Diminuendo by Fran Moldaschl

It’s a strange force that pulls me back to my childhood home, something other telling me, You Should Go. When I see the building – lost and expectant as though awaiting instruction – I am suddenly grateful that over these endless days, a separate entity has been leading me through my actions. ‘Propriety’ is perhaps the architect, putting un-truths in my mouth and enjoying satiation when they are believed. ‘Fine,’ I will lie when the door is answered and the question asked, ‘I’m doing fine.’ There will be no understanding that it’s just a noise – a noncommittal grunt that means nothing but, ‘I’m answering you, be grateful.’

He haunts the downstairs rooms so, as I enter, I pass by and make for the landing, ready to content myself with more lies and solitude. My mother told me that sugary tea would cure all problems so I intend to watch the world pass with a steaming cup in my hand for however long social convention dictates I stay. I sit down, begin to remove my boots whilst my chin spills tears onto the rocking-chair arm. They gobble up the varnish, but I cannot bring myself to wipe my face. My sobs are silent, but secretly, I still want them to be noticed and wept away by brisk, practical hands. I am forty-five and I want my mother.

I say my father haunts the downstairs rooms but I’m wrong. His music haunts them – clear and perfect, echoing on the dust. The house will always resonate with sounds of him, the notes absolute and prompt, drawn from the page with his military precision. He has always been the only musician in the family, yet he had no passion for his art, or natural talent. Like everything else in the major’s life, his skill was born of bitter tenacity and hard work. He did it, for the most part, to prove he could. And so, the piano became nothing but a tool with which to recite the music of long dead men.

In fairness, all things in his life were tools, a means to an end… with the exception of my mother, of course. That was possibly the attraction – his stiff-lipped practicality and stern face would melt in the glow of her smile.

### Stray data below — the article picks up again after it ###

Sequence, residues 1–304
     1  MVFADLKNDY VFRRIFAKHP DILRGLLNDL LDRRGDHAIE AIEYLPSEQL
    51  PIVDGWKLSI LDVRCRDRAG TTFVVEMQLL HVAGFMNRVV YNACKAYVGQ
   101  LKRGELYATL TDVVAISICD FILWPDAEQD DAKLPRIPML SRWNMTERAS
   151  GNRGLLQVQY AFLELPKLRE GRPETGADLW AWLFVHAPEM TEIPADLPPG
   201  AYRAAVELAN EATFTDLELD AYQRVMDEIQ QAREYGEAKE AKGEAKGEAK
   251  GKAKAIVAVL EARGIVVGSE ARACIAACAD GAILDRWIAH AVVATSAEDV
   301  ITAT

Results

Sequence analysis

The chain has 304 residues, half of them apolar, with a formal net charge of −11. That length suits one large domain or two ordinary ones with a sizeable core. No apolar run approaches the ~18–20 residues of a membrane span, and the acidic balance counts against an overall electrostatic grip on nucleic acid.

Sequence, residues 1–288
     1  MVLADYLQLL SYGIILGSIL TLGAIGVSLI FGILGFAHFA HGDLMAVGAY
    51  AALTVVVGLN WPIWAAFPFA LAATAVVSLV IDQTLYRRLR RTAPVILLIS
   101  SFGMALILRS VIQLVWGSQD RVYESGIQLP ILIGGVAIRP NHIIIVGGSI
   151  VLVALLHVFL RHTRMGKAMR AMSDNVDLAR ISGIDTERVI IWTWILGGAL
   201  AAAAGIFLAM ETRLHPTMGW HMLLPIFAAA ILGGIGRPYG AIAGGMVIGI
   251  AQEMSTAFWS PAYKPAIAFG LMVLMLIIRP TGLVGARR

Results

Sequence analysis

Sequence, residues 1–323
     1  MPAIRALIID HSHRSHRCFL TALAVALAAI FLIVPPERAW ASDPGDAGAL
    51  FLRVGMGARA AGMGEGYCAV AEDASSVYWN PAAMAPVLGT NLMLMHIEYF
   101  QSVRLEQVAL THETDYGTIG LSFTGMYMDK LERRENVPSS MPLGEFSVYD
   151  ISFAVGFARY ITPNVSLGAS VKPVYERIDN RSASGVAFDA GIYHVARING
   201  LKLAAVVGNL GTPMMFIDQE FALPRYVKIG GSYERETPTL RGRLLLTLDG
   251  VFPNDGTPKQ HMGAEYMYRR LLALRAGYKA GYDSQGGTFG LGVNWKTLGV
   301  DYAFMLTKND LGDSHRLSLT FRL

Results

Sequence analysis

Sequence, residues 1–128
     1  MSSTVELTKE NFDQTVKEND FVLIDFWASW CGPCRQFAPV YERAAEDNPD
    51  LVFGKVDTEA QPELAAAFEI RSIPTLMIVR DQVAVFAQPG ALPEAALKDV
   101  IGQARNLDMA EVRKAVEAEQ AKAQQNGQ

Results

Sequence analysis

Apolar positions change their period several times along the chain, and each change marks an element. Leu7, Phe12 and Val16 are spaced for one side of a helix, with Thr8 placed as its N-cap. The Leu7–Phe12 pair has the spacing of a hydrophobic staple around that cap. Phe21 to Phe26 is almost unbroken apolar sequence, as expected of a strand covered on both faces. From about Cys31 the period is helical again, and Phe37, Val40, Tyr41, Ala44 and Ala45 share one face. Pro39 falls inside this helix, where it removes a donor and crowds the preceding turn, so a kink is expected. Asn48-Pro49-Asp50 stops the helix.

Had she tried, she could not have been more different to him. When in the company of others, every cell in her body seemed to radiate empathy and compassion. She grew sentimental when plates broke and mugs cracked and once sobbed when selling her car. The major may have been the musician but the piano will doubtlessly remain hers. More than a tool, more than an instrument, she often used to say that the piano was divine – a beautiful thing from which art is born and through which feelings are expressed. She has never learned to play but when my father was gone, she would sit and tap at the keys, simply to hear the sound crescendo through the quiet. E was her favourite note.

I hear it now, downstairs, and am curious – the piano has lain untouched since we received the news. I pick up my boots, carrying them with me, and wipe my face. I begin creeping down the steps like I did as a child. It feels like a perverse inversion of Christmas. Sadness will radiate from my father, with wreathes laid out as a desolate parody of the tree.

I watch the room for a moment and feel my tears renew. My father is at the piano, playing my mother’s favourite note over and over again, his years of practise dissolving into an angry one-fingered stab. We look at one another for a long moment and I withdraw, put on my boots and leave without a sound, without the mug of steaming tea my mother would have given me to make it better. My father haunts the downstairs rooms of the house, but yesterday we buried his wife.

Frances Moldaschl is a Scottish mum of two, currently living in the Aberdeenshire hills with her Danish husband. When she isn’t writing,
she can usually be found hoarding craft supplies and drinking too much tea. Her book review blog is InquisitiveNewt.com.

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